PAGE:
I am moving out of an apartment with a month to month lease. Landlords are claiming I must give them a copy of a signed lease to where I am moving and then they will only charge me prorated rent for the 30 day period or I must pay the entire months rent in full even after the 30 days and they will only return the rest of the rent for the days if the inspection checks out even though I've already paid a security deposit. What is the law?
Landlord / Tenant Lawyer
There is no law which requires a tenant to provide a soon-to-be ex-landlord a copy of the new lease in order to receive a proper rent refund and/or security deposit refund.
You must pay rent only for the actual days you occupy the leased premises. If you give proper 30-day notice and the last day is any day other than the last day of the month, you need pay only prorated rent for the days you actually occupied the premises. For example - if you gave notice on 5/5/12 with a projected move-out date of 6/5/12 and you actually moved out and returned the keys on 6/5/12, you would owe only 5 days' worth of rent.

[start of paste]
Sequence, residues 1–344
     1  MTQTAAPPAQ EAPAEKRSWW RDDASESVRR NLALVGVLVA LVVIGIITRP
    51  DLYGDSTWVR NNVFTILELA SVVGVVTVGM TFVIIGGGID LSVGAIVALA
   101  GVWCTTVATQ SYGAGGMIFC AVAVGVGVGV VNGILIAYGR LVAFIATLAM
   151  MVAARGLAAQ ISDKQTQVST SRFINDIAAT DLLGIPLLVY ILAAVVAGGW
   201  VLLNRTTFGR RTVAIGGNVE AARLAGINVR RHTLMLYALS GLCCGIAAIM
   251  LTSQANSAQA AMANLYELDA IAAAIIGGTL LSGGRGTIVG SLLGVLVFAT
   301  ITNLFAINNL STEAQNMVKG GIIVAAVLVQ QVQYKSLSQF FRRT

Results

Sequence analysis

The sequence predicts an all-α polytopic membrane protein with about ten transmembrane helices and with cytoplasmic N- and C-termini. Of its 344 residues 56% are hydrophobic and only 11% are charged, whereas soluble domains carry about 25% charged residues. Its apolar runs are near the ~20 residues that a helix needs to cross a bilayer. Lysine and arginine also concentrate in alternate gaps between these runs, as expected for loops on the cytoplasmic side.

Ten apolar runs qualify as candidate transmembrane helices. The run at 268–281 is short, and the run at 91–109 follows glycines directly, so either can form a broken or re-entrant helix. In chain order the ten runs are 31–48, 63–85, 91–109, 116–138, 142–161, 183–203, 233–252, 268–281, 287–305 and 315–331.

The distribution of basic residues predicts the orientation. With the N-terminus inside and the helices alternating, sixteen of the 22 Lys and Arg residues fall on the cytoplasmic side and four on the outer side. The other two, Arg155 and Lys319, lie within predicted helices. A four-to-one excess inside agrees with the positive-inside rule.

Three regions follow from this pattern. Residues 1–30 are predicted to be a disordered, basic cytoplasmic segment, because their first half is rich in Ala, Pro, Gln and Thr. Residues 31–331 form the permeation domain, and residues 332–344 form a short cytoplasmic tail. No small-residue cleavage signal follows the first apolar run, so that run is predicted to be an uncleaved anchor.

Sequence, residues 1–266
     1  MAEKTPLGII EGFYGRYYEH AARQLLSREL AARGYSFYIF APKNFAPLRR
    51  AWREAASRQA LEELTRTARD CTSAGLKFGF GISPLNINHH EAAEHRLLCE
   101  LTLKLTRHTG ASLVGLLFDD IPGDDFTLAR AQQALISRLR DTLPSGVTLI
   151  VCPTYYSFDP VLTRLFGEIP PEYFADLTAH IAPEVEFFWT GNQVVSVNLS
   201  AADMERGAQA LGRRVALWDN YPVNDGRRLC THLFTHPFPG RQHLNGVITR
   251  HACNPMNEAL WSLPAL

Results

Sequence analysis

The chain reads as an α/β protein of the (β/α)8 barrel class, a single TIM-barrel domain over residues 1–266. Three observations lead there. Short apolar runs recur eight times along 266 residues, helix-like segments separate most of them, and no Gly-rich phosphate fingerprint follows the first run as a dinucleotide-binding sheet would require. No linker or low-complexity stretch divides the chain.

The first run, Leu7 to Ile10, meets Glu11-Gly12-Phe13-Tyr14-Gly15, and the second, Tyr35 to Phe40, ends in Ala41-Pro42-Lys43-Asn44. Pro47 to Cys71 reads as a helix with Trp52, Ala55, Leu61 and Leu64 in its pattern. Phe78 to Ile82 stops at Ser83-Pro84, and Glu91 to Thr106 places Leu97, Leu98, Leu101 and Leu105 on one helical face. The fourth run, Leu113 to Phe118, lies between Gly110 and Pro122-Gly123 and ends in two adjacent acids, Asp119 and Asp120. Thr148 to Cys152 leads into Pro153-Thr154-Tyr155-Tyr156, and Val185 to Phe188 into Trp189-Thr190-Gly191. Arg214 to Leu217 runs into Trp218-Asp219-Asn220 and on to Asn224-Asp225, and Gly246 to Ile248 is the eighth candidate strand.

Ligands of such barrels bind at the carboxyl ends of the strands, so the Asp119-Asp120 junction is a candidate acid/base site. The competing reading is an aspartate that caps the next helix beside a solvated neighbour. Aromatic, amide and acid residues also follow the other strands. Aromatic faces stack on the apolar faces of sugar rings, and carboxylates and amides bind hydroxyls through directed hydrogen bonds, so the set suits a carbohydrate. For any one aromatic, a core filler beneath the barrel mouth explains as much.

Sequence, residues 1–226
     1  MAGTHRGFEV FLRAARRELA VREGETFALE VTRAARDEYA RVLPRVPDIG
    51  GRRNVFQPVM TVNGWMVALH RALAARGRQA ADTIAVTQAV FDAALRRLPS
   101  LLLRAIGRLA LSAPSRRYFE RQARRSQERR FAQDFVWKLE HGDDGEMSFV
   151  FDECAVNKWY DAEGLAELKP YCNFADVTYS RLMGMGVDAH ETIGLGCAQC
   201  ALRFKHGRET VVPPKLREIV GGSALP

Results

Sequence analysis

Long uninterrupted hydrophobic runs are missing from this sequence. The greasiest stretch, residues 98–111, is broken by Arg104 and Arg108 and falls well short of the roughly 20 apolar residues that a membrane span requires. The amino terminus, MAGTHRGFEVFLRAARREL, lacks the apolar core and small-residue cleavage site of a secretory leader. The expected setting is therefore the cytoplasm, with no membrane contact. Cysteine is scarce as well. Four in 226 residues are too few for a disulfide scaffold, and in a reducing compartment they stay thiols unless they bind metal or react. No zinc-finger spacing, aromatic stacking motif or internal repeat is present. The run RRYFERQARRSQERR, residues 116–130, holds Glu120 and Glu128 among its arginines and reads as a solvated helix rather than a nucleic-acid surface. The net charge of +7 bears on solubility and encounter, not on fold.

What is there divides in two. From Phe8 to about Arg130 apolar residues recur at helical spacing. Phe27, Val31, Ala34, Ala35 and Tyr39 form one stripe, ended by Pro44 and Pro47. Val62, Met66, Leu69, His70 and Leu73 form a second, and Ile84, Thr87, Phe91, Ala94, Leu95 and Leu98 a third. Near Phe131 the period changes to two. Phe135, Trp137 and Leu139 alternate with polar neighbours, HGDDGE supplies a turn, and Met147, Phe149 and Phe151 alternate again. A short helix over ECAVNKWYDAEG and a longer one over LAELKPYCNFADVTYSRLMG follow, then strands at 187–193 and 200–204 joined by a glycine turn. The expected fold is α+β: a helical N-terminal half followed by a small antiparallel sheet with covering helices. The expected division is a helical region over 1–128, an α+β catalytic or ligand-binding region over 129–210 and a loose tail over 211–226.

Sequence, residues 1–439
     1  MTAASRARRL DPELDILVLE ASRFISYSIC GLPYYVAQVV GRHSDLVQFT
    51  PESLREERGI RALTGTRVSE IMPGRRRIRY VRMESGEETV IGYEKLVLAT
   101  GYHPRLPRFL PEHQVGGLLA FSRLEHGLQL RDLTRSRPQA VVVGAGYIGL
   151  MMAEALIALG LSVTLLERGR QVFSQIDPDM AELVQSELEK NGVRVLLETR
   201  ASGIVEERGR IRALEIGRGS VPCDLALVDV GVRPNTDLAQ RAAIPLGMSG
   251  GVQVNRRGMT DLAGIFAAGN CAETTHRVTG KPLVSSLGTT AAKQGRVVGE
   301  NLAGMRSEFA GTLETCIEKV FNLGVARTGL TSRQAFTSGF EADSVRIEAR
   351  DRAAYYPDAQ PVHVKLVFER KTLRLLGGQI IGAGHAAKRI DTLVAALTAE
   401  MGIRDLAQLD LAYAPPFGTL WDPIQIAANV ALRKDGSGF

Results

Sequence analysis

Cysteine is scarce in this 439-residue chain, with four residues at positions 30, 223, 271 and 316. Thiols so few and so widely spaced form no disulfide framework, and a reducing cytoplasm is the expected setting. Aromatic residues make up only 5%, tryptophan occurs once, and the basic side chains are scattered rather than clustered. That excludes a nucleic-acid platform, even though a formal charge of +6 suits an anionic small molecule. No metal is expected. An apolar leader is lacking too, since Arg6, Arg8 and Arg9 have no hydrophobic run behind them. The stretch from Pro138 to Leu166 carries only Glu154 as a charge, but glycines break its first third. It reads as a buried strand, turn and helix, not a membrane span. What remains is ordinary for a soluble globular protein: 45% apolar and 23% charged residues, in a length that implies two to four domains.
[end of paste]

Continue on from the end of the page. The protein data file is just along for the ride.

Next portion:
Technically, the landlord could serve you with a 3-day pay/quit notice on 6/2/12 demanding the entire month's rent. But if you vacate before the 3-days expires, he would not be able to file an unawful detainer action against you in court though you would still owe prorated rent for the days you occupied the premises.
It's a bit unclear what your goal is.
If you wish to terminate a month to month lease, your only obligation under the law is to serve the landlord with a 30 day written notice of termination. You must then pay rent for the entire 30 day period.
However, if you wish to pay LESS than the 30 days rent and move out earlier, then the landlord could ask you for a copy of the new lease in order to consider an accommodation for your benefit.
Frank W. Chen has been licensed to practice law in California since 1988. The information presented here is general in nature and is not intended, nor should be construed, as legal advice for a particular case. This posting does not create any attorney-client relationship with the author. For specific advice about your particular situation, consult with your own attorney.
Employment / Labor Attorney
You are only required to give your 30-day notice, not a copy of your lease for where you are moving to. As far as your landlord is concerned, you may be planning to go sleep in the local park on the 31st day and it would not be your landlord's business.